You may have run into a few different options for exterior door hardware. Deciding between panic hardware and fire exit hardware may be confusing to some, especially if you don’t know the differences between the two or where one may be more useful than the other.

Most of the differences are code related, as some codes and buildings will require fire exit hardware instead of panic hardware, or vice versa. You may also run into regulations regarding how the doors open, and whether or not they can have their latches retracted for a push and pull function.

Let’s take a closer look at the differences in the two hardware types and which one would be better suited for your needs.

Panic Hardware

For exterior doors that are not going to be used as an emergency fire exit, or for interior doors that divide areas of your facility, panic hardware is perfectly viable. Unlike fire exit hardware, panic hardware will offer a “dogging” feature that allows you to retract the latch and create a simple push and pull function.

This increases the usable lifespan of the hardware by limiting how often it is latched and unlatched throughout the day. This also reduces the sound of the door which makes it a great option for interior doors that divide certain areas of your facility such as those around a cafeteria or meeting space.

When it comes to the regulations with the NFPA 101 as well as the IBC, panic hardware should meet or exceed UL 305 requirements. When installing any hardware on your interior or exterior doors, always be sure you work with experienced consultants to ensure your hardware installation meets or exceeds UL requirements.

For proper installation of panic hardware, some of the most noted requirements for the device are that it should be able to unlatch with less than 15 pounds of pressure on the push pad mechanism. In addition, the push pad should meet specified measurements such as being less than one-half the width of the entire door when measured from the latch mechanism.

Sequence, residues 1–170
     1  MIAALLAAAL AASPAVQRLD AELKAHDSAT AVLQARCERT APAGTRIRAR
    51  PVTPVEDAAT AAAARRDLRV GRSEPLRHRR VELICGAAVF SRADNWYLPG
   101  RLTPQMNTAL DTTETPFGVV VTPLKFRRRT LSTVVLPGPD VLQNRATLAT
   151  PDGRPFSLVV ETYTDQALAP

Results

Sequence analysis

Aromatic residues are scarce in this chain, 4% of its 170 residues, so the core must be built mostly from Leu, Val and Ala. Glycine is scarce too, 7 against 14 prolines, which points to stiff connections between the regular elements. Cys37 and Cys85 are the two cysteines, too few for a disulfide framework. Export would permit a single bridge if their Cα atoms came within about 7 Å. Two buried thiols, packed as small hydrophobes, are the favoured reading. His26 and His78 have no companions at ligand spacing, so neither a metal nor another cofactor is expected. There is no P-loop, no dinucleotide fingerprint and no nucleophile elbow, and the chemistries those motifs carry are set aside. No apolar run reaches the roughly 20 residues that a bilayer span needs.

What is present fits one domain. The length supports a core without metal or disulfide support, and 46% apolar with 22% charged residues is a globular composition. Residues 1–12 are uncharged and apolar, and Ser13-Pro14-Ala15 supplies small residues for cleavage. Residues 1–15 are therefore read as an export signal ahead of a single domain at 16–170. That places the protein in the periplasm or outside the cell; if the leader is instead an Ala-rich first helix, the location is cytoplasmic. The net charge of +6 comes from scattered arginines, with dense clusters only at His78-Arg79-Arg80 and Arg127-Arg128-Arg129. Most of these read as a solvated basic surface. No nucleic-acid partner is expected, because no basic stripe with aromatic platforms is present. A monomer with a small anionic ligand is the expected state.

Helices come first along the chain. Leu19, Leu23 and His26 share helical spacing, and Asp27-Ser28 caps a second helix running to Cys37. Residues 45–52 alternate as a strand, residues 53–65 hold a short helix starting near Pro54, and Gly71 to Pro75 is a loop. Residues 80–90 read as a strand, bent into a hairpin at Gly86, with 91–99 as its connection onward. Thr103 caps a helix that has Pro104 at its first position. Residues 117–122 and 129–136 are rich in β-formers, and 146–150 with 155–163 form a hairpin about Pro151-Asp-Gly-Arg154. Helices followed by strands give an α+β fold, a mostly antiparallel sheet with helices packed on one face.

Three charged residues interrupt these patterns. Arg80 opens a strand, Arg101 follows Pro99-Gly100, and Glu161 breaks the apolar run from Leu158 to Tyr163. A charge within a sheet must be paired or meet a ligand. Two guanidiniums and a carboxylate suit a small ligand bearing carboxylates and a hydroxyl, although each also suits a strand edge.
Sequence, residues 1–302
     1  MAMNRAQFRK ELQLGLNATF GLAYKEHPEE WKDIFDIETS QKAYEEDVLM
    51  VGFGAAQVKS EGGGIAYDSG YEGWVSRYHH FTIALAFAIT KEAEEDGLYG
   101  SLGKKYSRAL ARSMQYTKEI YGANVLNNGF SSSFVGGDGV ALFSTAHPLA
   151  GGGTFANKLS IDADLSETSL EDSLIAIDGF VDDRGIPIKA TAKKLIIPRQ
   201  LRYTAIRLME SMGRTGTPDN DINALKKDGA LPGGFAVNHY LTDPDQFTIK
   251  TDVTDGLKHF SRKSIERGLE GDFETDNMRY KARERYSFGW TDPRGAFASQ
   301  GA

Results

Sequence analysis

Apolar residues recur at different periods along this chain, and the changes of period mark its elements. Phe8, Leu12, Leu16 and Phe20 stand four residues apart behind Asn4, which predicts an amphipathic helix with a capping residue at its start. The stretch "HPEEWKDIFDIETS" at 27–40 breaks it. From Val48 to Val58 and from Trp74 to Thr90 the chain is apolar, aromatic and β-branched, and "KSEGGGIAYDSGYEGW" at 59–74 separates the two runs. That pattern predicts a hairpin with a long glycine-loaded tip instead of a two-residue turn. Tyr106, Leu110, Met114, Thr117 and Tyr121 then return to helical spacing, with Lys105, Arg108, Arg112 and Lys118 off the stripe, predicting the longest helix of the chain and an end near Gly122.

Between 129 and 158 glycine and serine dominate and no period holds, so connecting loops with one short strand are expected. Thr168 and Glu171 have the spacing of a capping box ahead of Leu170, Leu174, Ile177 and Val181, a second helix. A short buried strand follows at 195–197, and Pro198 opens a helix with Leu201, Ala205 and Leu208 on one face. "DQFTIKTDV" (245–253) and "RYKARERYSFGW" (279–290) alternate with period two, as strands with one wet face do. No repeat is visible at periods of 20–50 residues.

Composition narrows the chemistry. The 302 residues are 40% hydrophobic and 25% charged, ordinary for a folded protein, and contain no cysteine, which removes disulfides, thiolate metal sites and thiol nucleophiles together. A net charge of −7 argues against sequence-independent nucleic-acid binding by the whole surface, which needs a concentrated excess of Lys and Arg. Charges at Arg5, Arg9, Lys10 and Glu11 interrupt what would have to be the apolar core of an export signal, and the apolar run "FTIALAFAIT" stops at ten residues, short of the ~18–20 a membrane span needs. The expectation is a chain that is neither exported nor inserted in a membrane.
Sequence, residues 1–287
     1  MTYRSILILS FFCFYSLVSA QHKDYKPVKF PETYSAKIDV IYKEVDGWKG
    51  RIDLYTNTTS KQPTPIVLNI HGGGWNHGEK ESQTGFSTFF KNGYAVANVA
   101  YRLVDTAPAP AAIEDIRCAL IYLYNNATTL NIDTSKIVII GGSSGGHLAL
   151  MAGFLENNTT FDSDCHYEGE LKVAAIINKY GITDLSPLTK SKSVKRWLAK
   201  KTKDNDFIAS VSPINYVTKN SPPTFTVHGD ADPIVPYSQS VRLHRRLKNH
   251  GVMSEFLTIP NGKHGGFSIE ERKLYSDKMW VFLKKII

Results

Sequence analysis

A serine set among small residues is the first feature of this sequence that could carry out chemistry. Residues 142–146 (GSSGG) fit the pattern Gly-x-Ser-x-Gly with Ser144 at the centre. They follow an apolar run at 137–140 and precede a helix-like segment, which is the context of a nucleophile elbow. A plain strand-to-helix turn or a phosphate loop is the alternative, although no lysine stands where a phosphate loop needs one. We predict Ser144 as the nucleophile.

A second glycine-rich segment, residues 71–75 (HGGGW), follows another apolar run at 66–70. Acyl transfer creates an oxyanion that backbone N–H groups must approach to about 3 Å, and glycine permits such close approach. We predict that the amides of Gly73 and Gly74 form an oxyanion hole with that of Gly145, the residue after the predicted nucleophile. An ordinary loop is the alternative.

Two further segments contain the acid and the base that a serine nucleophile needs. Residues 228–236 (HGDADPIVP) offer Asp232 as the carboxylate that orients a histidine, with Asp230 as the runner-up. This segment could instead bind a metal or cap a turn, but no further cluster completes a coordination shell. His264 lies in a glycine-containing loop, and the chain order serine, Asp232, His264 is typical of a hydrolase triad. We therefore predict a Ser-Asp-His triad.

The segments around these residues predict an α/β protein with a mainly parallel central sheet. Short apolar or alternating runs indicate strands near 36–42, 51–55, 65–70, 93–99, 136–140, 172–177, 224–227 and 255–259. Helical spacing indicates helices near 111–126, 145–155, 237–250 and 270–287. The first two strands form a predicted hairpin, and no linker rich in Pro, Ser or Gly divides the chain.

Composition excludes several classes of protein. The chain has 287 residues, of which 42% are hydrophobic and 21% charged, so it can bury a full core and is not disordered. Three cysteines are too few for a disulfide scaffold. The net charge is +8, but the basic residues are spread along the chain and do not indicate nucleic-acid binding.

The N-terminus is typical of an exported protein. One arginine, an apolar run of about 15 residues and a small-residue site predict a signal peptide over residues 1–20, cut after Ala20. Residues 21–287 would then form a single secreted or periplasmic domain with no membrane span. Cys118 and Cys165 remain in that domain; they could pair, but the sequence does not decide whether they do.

Fire Exit Hardware

Unlike the previously mentioned panic hardware, fire exit hardware does not offer the same “dogging” function on the internal latching mechanism. Instead, it provides positive latching that is designed for durability and longevity.

In order to get the same push and pull function as you would with a dogged panic door, you would need to install electric latch retraction hardware. However, these will need to be tied into the fire alarm system so it is important that you work with a Harnock-Hersey or UL experienced consultant.

Fire exit hardware should meet or exceed the UL 10-C and UL 305 requirements in both the NFPA 101 and IBC. Like the panic hardware, a fire exit door should not take more than 15 pounds of pressure on the push pad or other opening mechanism to unlatch and provide quick exiting from the building.

Our experts at CLAD can help you choose the right door closers.